Saturday, April 22, 2017
KOTSUAGE, by Roland Kelts
Photos by Yuki Iwanami
The doctor's pencil drawing reminded me of one of those Etch A Sketch toys from the 70s. Its gray lines were asymmetrical and squiggly or squared off like sidewalk curbs. Other times they looped from what I guessed were the body’s nether regions back up to the heart.
He held the sheet of paper to the window’s hazy light. “It’s really just plumbing,” he said.
He was the handsome younger surgeon, swarthy and Mediterranean-looking, and what he was showing us, my younger sister and me, was a solution to the problems they’d found in our father’s chest. Until our meeting that morning, the problem had been singular: an ascending thoracic aortic aneurysm, a swelling of his heart’s central artery that could be life-threatening if untreated.
But when they injected dye into his chest to get a clearer sense of the problem, the problem became plural. The procedure was called a cardiac catheterization, and it transformed his arteries into a multi-colored subway map, where you could see the blood routes that were slowed or nearly blocked.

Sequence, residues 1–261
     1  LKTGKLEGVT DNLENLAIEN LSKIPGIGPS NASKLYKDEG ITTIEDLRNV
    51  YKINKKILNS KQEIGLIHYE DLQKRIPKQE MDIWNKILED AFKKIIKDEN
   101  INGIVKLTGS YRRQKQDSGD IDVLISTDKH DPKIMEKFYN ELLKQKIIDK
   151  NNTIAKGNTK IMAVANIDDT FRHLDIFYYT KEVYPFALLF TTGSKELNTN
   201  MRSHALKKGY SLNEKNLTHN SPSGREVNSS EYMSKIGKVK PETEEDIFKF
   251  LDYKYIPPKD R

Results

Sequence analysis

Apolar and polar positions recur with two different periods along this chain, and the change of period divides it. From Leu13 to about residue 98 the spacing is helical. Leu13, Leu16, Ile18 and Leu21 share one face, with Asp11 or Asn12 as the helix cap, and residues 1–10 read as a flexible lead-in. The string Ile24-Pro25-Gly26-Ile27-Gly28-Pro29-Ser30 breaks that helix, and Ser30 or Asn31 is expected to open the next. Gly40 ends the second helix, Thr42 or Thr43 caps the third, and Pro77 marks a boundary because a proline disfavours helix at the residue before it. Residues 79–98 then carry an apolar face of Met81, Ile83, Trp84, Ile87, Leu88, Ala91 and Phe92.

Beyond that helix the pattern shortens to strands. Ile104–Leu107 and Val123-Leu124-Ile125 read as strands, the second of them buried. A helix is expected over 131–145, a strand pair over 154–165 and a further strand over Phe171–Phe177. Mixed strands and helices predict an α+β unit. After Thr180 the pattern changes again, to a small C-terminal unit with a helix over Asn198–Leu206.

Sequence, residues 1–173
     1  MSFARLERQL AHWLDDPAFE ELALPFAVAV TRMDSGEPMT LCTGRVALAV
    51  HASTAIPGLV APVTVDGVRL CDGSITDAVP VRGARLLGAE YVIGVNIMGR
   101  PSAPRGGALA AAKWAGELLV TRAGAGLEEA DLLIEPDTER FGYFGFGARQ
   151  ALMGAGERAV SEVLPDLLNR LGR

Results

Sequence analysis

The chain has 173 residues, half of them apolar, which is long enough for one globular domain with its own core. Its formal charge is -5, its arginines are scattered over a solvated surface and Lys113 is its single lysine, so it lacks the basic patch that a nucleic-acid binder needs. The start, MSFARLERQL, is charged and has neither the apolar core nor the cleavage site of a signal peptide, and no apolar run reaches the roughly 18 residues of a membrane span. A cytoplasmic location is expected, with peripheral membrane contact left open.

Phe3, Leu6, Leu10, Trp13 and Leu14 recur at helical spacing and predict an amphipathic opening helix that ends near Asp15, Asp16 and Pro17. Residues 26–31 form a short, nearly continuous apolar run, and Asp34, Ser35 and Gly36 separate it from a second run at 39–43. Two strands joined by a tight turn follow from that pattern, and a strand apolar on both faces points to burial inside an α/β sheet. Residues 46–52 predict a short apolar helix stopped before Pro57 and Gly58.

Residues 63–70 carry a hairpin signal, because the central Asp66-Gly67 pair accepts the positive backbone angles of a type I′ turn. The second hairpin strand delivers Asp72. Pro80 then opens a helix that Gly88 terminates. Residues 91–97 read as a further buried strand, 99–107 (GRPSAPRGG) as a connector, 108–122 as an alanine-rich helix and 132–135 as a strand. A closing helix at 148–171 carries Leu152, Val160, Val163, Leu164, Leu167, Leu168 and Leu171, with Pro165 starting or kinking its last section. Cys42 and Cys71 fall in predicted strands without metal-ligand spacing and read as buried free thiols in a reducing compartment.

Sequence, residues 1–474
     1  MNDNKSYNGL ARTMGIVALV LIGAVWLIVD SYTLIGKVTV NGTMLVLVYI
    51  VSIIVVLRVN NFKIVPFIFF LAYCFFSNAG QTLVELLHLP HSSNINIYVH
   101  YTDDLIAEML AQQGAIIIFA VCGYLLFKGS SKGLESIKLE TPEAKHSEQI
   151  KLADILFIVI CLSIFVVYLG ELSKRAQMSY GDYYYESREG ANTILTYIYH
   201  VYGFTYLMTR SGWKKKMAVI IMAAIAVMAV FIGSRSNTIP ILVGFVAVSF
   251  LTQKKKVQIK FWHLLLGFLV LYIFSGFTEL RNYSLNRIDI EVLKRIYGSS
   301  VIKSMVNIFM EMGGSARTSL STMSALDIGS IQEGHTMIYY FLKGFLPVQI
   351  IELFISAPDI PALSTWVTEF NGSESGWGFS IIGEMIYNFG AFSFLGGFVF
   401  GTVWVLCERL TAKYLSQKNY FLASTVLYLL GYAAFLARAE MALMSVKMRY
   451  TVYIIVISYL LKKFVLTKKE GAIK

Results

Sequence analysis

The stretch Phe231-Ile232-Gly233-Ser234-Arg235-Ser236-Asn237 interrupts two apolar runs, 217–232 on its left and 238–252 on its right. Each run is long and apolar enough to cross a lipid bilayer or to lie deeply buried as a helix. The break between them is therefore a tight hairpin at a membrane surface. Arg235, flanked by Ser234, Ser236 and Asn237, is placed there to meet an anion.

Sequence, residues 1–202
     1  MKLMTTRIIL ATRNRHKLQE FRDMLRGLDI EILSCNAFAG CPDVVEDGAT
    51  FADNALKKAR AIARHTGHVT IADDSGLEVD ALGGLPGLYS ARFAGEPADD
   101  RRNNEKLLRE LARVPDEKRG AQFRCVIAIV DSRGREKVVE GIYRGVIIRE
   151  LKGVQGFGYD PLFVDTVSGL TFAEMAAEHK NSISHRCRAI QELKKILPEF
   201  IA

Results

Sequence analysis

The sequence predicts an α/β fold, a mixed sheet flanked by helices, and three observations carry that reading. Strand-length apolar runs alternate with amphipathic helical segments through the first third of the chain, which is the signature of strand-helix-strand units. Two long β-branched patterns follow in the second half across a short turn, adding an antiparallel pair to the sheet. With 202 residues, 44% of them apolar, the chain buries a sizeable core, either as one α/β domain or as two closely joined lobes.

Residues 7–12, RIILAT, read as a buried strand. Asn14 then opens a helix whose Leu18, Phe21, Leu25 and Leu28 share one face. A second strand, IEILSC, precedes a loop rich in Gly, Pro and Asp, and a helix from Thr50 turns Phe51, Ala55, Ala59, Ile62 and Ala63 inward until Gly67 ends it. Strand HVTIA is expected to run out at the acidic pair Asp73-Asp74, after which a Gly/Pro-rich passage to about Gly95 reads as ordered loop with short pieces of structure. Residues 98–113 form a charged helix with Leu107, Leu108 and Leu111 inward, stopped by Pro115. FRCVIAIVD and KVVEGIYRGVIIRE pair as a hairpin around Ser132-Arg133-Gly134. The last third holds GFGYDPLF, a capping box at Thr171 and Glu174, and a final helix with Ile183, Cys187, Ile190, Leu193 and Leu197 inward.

Tuesday, April 11, 2017
Monday, April 10, 2017
My interview with NPR's Eric Molinksy on Hollywood "whitewashing" in casting Scarlett Johansson as Motoko Kusanagi in the live-action adaptation of "Ghost in the Shell." (NB: Her mother will be Japanese, Kaori Momoi.) For Eric's podcast, "Imaginary Worlds."